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The Norman-Hohenstaufen Castle, widely known as the Castello Svevo (Swabian Castle), was built by Roger II of Sicily around 1131. Destroyed in 1156, it was rebuilt by Frederick II of Hohenstaufen. The castle now serves as a gallery for a variety of temporary exhibitions in the city.
Castel del Monte (Italian for "Castle of the Mountain") is a 13th-century citadel and castle situated in Andria in the Apulia region of southeast Italy. It stands on a promontory, where it was constructed during the 1240s by the Emperor Frederick II, who had inherited the lands from his mother Constance of Sicily. In the 18th century, the castle's interior marbles and remaining furnishings were removed. It has neither a moat nor a drawbridge and some considered it never to have been intended as a defensive fortress;[1] however, archaeological work has suggested that it originally had a curtain wall.[2] Described by the Enciclopedia Italiana as "the most fascinating castle built by Frederick II",[3] the site is protected as a World Heritage Site. It also appears on the Italian version of the one-cent euro coin.[4]
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카스텔델몬테
Strada Statale 170
222 명의 현지인이 추천하는 곳
Castel del Monte (Italian for "Castle of the Mountain") is a 13th-century citadel and castle situated in Andria in the Apulia region of southeast Italy. It stands on a promontory, where it was constructed during the 1240s by the Emperor Frederick II, who had inherited the lands from his mother Constance of Sicily. In the 18th century, the castle's interior marbles and remaining furnishings were removed. It has neither a moat nor a drawbridge and some considered it never to have been intended as a defensive fortress;[1] however, archaeological work has suggested that it originally had a curtain wall.[2] Described by the Enciclopedia Italiana as "the most fascinating castle built by Frederick II",[3] the site is protected as a World Heritage Site. It also appears on the Italian version of the one-cent euro coin.[4]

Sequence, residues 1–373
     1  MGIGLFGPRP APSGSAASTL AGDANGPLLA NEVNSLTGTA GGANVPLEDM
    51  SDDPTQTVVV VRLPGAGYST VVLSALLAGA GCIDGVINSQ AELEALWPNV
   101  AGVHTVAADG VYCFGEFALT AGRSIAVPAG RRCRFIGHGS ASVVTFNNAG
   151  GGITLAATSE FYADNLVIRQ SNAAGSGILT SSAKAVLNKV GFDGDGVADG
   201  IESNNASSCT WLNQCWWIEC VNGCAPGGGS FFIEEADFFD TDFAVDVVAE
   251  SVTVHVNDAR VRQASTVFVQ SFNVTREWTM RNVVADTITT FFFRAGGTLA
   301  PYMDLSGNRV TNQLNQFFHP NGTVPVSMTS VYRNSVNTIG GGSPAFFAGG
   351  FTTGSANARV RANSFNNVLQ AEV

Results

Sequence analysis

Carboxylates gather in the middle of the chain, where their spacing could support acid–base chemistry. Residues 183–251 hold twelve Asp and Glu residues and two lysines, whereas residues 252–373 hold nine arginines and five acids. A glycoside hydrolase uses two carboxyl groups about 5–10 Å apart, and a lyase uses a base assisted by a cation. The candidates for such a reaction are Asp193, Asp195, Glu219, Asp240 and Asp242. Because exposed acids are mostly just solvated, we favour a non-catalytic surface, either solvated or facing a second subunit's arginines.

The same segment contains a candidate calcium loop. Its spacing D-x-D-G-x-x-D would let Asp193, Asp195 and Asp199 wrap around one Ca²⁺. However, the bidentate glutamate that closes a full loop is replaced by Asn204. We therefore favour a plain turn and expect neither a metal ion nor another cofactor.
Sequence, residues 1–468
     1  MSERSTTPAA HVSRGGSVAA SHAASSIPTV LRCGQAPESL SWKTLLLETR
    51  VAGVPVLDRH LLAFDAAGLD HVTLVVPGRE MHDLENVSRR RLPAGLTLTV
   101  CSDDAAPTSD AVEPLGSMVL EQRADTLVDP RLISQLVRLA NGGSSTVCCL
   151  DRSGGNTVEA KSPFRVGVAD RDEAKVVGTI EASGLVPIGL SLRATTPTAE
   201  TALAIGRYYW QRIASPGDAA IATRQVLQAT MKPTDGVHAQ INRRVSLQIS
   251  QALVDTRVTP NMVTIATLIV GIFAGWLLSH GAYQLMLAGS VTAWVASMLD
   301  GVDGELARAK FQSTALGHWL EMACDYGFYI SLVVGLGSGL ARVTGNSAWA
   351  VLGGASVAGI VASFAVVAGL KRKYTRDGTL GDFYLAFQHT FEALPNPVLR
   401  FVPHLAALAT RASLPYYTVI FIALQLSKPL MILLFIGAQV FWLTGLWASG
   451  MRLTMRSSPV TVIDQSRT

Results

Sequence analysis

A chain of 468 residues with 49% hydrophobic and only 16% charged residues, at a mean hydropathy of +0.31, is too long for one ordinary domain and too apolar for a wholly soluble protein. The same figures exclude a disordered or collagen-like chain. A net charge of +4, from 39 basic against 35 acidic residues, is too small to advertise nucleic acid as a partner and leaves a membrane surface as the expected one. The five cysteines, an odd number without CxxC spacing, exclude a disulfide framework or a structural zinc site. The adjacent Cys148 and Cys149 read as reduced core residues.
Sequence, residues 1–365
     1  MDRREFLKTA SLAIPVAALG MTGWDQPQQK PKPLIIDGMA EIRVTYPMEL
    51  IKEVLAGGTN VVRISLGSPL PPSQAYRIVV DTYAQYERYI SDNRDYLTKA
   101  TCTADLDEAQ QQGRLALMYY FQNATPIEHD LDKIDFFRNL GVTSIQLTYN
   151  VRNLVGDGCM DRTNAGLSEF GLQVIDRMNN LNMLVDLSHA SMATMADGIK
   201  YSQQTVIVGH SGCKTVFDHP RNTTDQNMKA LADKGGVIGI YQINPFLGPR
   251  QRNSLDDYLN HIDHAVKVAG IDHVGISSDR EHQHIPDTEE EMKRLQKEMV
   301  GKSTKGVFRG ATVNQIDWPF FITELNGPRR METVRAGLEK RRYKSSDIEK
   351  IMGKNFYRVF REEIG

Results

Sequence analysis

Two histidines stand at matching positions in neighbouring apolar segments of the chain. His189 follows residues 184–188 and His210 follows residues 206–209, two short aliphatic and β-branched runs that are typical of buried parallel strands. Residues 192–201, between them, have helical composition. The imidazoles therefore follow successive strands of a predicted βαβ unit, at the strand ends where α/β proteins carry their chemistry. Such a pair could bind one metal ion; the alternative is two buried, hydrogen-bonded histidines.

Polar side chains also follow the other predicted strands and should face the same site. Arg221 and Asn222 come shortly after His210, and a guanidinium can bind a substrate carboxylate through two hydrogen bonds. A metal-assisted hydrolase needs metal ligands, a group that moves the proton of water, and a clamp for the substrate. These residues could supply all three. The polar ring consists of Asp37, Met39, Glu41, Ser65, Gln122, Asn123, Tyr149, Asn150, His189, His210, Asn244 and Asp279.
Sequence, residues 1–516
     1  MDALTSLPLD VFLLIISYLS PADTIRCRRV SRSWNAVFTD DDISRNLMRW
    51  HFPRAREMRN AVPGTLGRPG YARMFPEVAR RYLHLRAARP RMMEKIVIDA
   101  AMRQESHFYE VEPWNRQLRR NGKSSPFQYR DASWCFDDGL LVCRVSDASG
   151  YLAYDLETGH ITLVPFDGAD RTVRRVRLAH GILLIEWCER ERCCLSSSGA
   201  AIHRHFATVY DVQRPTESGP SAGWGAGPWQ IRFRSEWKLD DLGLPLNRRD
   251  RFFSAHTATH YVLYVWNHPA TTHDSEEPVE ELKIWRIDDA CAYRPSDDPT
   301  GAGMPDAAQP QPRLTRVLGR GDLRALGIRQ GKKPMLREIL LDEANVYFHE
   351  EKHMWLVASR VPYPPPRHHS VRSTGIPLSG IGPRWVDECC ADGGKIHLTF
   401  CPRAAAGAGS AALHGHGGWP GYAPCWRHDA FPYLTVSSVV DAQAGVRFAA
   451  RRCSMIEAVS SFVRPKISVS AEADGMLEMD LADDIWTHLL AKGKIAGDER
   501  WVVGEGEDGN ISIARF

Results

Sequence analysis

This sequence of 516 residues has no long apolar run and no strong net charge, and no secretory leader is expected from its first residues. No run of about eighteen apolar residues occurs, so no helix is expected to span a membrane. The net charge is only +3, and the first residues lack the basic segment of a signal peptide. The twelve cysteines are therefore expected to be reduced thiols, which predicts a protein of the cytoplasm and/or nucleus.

Shopping

shopping mall near cassano delle murge
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H&M
2 Via Noicattaro
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shopping mall near cassano delle murge
shopping mall (mainly electronic) around cassano delle murge
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Centro Commerciale La Mongolfiera
19 Str. Santa Caterina
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shopping mall (mainly electronic) around cassano delle murge

Essentials

market around the house
Supermercato Sigma
21 Via Madonna dei Martiri
market around the house
Farmacia Palazzo dott.ssa Aurora
8 Viale Unità D'Italia
pharmacy
Murgia Hospital "Fabio Perinei"
hospital
hospital in Bari
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Policlinico di Bari
11 Piazza Giulio Cesare
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hospital in Bari
private hospital in cassano delle murge
Casa Bianca Hospital
2 Via Vittorio Emanuele II
private hospital in cassano delle murge